There’s nothing quite like a hearty meal, cooked by somebody else preferably, to round off a long walk, and in the Devon village of Bramford Speke we hit gold with the local tea room.
After being well fed, we said our thankyous to the woman who run it, with a promise to stop by again and tell others about it.
But that got me thinking. The village tea room didn’t have a web presence – trade, we were told, had built up purely from word of mouth or passing walkers like ourelves – although she had plans to get online. “Everybody’s on the web these days. It’s what I do if I’m looking up something,” she said.
It felt a bit nosey to probe too much into our this tea room cum village shop was doing, but you got the impression through hard work and great service they were about breaking even.
To a small village like Bramford Speke, a shop & tea room (and the village pub) are important parts of village identity and vibrancy, but are constantly under threat. The challenges small businesses in tucked-away Devon villages face are very different from those who work with the social media crowd in London. But could social media help them as well?
Let’s backtrack a little to why this has become the subject of a blog post. Today was one of those glorious autumn days in Devon where staying indoors seemed like an affront to nature herself, so my parents and I (visiting for a few days to recharge batteries) grabbed our coats and headed for the countryside.
We ended up doing a decent round walk around the Exe Valley, starting at Bramford Speke, taking in Thorverton, Rewe, and Stoke Cannon before ending up back in Bramford Speke having worked up an appetite.
We’d seen a few signs for the tea rooms on the footpath approaching the village and, as it was just by the main route, we dropped by in search of something to ease the hunger. We left full.
Monday is one of three days they serve a roast dinner and the parents, connoisseurs of many a roast, pronounced it excellent. My parsnip flan topped with mushrooms and cashew nuts was like nothing I’d ever tasted and left assorted earthly flavours dancing around in my mouth.
The puddings were equally a good. A bakewell tart was polished off with aplomb by my father, while the apple crumble had just the right level of cinnamon kick to it. As I type now, I’m just in the process of devouring a deliciously moist ginger cake, topped with pickled ginger, that I couldn’t resist but had no room for, and that will do nothing for my waistline, but did everything for my tastebuds.
It was, in short, the type of meal you want to shout about to the world. Yet the chat we had with the lovely lady who ran the tea rooms (that doubled up as a grocery store, plus assorted other trinkets) merely served to reinforce an all too common problem with rural villages.
The tea room used to be the village Post Office. There are plenty of other buildings in plenty of other villages that used to be Post Offices. Or village shops. The village I grew up in used to have a Post Office, a Spar and a Happy Shopper. Now it just has a Post Office that doubles up as a shop, and that struggles to make ends meet. Lose it, and that’s an important part of the community gone.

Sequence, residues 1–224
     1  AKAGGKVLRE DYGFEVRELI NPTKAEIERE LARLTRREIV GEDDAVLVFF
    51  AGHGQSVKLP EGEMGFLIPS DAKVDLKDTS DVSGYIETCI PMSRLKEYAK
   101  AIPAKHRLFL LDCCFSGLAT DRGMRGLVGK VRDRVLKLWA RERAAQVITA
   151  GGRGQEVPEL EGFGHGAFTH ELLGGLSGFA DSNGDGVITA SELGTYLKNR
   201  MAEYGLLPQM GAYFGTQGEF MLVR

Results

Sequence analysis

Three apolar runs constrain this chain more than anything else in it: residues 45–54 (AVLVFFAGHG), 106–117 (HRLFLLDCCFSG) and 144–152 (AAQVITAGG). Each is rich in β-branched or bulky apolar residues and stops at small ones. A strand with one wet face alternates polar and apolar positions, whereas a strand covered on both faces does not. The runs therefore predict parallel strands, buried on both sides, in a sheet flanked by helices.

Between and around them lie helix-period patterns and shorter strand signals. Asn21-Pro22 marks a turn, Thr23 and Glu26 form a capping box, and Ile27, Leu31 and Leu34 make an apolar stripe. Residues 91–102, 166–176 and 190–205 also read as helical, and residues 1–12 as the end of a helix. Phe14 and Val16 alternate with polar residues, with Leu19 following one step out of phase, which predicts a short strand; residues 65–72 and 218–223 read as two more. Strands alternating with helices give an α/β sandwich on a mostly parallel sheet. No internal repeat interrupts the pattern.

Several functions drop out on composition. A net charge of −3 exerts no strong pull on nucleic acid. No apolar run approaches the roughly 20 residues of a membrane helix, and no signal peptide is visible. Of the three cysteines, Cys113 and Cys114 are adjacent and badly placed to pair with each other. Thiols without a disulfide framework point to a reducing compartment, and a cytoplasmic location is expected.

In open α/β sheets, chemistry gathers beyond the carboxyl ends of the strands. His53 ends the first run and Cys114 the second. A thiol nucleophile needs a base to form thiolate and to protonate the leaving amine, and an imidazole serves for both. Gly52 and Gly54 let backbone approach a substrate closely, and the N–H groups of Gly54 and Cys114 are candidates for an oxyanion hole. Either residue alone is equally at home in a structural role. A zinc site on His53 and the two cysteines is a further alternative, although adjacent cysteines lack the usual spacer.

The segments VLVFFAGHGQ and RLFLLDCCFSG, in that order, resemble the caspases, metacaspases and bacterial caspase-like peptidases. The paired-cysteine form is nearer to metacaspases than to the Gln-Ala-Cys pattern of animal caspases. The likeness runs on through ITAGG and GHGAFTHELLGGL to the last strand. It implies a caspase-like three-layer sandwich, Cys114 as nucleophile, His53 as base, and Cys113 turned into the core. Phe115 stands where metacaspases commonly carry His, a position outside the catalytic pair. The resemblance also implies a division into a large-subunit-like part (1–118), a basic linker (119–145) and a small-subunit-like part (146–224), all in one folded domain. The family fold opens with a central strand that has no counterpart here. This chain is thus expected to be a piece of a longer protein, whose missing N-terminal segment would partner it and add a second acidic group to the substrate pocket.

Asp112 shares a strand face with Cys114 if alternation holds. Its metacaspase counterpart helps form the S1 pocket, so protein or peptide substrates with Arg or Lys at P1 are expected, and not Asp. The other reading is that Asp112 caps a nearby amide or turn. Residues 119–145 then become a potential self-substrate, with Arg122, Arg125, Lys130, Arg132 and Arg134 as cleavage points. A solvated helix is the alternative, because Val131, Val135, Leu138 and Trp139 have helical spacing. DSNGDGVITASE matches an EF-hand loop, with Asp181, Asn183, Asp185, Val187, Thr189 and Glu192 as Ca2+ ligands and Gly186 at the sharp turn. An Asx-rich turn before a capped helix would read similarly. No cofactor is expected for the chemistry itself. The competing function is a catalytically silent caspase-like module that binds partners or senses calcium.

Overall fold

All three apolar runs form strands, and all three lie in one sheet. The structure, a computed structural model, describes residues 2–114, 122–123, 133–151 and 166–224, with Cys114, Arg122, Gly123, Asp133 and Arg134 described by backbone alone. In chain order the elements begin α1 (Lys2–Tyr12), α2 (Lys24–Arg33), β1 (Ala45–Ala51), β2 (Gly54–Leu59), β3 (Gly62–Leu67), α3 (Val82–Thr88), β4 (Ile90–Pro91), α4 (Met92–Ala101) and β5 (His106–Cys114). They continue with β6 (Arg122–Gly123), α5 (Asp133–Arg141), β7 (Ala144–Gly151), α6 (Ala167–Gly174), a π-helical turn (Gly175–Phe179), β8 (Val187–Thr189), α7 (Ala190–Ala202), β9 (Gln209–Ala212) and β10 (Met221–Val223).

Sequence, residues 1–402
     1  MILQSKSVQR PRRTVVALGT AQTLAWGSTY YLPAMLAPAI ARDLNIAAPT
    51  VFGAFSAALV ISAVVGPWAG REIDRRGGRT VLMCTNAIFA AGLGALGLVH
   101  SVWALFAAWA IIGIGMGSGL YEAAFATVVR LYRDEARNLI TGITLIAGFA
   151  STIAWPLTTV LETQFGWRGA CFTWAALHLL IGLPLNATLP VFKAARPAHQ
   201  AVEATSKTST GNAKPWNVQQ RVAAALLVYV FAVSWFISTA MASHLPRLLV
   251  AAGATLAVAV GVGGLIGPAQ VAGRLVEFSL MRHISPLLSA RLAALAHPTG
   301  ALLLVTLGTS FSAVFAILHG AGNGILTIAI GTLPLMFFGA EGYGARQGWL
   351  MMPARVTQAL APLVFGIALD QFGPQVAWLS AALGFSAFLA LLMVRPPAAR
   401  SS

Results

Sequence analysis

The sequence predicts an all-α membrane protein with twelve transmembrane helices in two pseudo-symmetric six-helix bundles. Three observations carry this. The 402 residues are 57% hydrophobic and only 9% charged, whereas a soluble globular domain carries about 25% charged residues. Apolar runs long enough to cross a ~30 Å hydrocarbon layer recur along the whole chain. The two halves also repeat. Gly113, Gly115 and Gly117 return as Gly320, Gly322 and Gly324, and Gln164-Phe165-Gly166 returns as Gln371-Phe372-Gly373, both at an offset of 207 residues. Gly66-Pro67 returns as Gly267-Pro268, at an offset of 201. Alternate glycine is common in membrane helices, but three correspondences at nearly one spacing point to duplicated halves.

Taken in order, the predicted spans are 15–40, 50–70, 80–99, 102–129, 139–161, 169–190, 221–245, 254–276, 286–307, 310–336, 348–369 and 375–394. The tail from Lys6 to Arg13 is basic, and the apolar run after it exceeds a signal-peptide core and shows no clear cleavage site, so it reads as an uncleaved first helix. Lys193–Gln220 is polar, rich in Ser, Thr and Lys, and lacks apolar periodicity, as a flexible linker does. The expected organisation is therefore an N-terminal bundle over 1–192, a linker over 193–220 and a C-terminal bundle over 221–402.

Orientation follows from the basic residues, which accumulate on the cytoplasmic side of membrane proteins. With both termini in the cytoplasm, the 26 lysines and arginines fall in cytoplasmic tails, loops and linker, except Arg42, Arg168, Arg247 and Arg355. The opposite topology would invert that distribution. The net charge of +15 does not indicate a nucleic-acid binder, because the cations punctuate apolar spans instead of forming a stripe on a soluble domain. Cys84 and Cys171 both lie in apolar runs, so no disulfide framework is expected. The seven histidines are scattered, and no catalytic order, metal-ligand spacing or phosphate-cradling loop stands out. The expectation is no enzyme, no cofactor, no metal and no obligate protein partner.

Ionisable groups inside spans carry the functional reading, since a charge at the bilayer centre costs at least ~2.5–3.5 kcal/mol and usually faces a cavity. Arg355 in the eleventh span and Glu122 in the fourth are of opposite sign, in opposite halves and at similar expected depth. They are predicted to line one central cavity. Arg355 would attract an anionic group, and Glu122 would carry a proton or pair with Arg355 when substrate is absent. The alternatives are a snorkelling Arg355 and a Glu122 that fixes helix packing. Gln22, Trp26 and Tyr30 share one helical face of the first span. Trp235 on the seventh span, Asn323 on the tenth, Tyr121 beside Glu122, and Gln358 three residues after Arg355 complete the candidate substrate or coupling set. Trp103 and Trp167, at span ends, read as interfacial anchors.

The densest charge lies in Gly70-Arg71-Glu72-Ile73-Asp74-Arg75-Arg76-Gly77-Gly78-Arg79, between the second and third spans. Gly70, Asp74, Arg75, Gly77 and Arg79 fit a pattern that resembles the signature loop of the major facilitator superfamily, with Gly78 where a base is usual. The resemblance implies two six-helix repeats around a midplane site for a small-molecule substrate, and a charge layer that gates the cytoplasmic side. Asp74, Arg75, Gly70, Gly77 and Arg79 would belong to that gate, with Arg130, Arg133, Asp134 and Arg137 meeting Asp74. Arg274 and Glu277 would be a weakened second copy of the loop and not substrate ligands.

The same could be said for the village pubs. Most villages I know that don’t have a local pub feel somewhat soulless, as if they’re lacking something.
But, as with any business in a place off the beaten track, no matter how close that track may be, staying afloat is always a problem, especially in the current economic climate.
People are drinking less during the week to save the pennies, and there’s only so many pub meals you can have in a week. The village pub is an endangered species, and the village that loses its pub is definitely all the poorer for it.
What to do, then? Word of mouth is vital for small businesses in small villages, especially for those that can’t afford to take out adverts in the local press (and, like those located in Bramford Speke, are a very short drive away from a major city in the area). But if a business is to not just survive but flourish, it needs to reach beyond just using word of mouth.
The lady who runs the tea rooms wasn’t kidding when she said they have no internet presence. I’ve done several Google and other searches and I’m struggling to even find as much as a postcode.
Even when they do get on the web, there’s still a question of getting Google juice and pushing youself up the rankings so you’re on the first couple of pages for the relevant results. After all, I’m unlikely to specifically Google tea rooms in Bramford Speke but may do a general search for places to eat in the surrounding area.
But, as the woman said, these days if you want to find out about something you search online for it. And if your website isn’t that high up the rankings, then it could be the online word of mouth that brings in that trade. And helps, say, separate the good village pubs from the bad ones (there’s nothing worse than driving around Devon in search of food, only to find youself in a couldn’t-care-less pub with rubbery vegetables).
I’ll be honest and say I’m not majorly au fait with too many sites like UpMyStreet.com. But those, along with review sites like Qype really can start pushing numbers in the direction of business. How you transfer these sites, or create a similar site, for rural businesses in Devon is another question entirely.
But the potential is there (and chances are those who use it won’t even think they’re using social media when they do so – it’ll be just another way of finding or researching information) and hopefully there’s a way of using web 2.0 to ensure that places like the Bramford Speke tea rooms continues to feed many more happy customers for many more years to come.